- Mix and match elements — using a Wizard or by choosing items from a list that the software assembles into our final product.
- Pre-designed formats for documents where all we add are our own words in place of dummy or placeholder text. Graphics and typestyles are part of the template.
- Pre-designed formats for documents that have placeholders (grid lines, boxes, dummy text) for key elements — text and graphics. We add our own text and graphics and choose the appropriate typefaces.
Many programs include their own set of designer templates for a variety of documents. You can also design and save your own templates. At the end of this article find links to hundreds of free templates. Let's look at some of the ways that templates can work for you.
Pros & Cons of Using TemplatesYou might have heard (or even thought it yourself) "Real designers don't use templates" or, "Templates are a substitute for real design." But there are times when using one is the most appropriate choice. Some times and ways that templates can work for you:
- Save time with templates.
- Offer your client a less expensive alternative to your original, made completely from scratch designs.
- Use templates for routine forms for your own use (invoices, etc.) so you can spend more time on client work.
- Maintain consistency with newsletters or between related marketing pieces.
- If you're a non-designer, use templates to give a more professional edge to your own marketing materials.
- Build your first Web page with templates until you become more comfortable with Web publishing.
- Maintain page-to-page consistency in a large Web site and simplify updates.
Remember, in many cases templates are designed by well-known designers. We often look at the work of others for inspiration, using templates is simply another way of borrowing from the talents of those around us. Starting with a template is a smart idea. However, there are still many ways to personalize them without sacrificing the benefits of speed, variety, and consistency.
Tips for Using and Personalizing TemplatesUse some of these suggestions to make the most of the templates you use:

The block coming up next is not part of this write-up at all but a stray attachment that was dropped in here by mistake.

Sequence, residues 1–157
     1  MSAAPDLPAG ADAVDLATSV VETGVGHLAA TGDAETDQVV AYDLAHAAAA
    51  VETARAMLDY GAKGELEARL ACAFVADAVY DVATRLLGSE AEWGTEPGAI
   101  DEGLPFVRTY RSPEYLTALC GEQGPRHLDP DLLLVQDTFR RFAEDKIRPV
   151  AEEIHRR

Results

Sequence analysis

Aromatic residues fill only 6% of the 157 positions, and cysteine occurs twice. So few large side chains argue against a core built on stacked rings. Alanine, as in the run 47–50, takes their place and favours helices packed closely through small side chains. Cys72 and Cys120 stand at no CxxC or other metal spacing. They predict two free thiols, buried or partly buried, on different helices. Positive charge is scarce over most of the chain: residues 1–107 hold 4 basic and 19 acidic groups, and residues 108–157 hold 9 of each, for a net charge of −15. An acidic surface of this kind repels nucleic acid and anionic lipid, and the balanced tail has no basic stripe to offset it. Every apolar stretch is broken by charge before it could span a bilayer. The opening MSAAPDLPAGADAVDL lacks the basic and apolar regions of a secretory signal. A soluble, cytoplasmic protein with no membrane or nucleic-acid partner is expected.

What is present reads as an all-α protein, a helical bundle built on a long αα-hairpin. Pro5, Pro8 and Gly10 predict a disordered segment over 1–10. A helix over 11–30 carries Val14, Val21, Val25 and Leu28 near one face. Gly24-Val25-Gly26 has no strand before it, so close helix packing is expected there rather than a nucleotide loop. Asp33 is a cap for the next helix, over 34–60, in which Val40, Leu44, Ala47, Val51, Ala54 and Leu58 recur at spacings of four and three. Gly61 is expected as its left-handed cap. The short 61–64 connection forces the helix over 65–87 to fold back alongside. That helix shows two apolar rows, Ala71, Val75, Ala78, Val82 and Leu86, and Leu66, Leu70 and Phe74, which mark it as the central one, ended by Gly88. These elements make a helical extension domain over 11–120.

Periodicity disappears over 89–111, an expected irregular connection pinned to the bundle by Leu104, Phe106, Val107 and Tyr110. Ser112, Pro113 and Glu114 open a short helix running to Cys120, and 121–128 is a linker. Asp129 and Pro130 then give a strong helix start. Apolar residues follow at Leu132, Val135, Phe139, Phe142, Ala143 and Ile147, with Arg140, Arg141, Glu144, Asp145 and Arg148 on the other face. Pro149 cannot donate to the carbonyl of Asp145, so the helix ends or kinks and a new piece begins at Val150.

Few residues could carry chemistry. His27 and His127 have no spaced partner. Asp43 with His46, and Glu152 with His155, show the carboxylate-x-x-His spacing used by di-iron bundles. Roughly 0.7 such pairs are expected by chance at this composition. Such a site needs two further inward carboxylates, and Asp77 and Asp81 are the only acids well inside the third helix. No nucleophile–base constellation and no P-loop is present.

- Choose an Appropriate Template. Pick a template layout that is appropriate to the job. Selecting a design that is inappropriate or that requires too many alterations defeats the purpose of using a template in the first place.
- Change the Template Graphics. Add your own clip art and graphics in place of any pre-selected graphics used in the template. Graphics also include rules (lines). Change the size or placement to better fit your own text.
- Change the Template Fonts. Some templates come with font specifications. They are just suggestions. Be sure to choose a typeface that is appropriate to the design of the template. Some layouts and some typefaces have their own casual or formal tone. It's usually best to stay close to the type choices (if any) used in the original template if you're unsure.
- Change the Text Formating. Change the leading or alignment of the text. Add text embellishments such as initial caps or bullet lists.
- Change the Template Color Scheme & Paper. The layout is only one part of the overall design. Simply changing the paper or changing the colors used in your document can cause dramatic changes — even when the layout stays the same.
- Change the Template Layout. While one of the main reasons to use a template is to have an instant layout, a few simple changes can make that layout perfect. Flip the template or just move an element or two around.
- Save Your Modified or New Template. Whether it's a modified template design or one you've created from scratch — save it as a template. If it's right for one job, it may be right for another. If it is a newsletter or one of many pieces in a coordinated marketing package, you save yourself time down the line.
- Use Templates for Inspiration. Ever found yourself staring at a blank piece of paper or a blank screen, unsure of where to begin? Use templates as a starting point. Just browsing through the various templates — even ones unrelated to your current design project — can give you ideas and start you on the road to laying out your own original masterpiece.
Some people consider using a template as cheating when designing materials for employers or clients. Can a design that starts with a template be considered an original piece of work? Is it enough to simply change the colors or fonts? Tell me what you think.
|Pick Your Path to Desktop Publishing|
|Get Started:||Basic Guidelines and Requirements for Desktop Publishing|
|Choose Software:||Desktop Publishing and Design Software|
|Tips & Tutorials:||How to Do Desktop Publishing|
|Training, Education, Jobs:||Careers in Desktop Publishing|
|In the Classroom:||Back to School With Desktop Publishing|
|Make Something:||Things to Make Using Desktop Publishing|
|Use Templates:||Templates for Print and Web Publishing|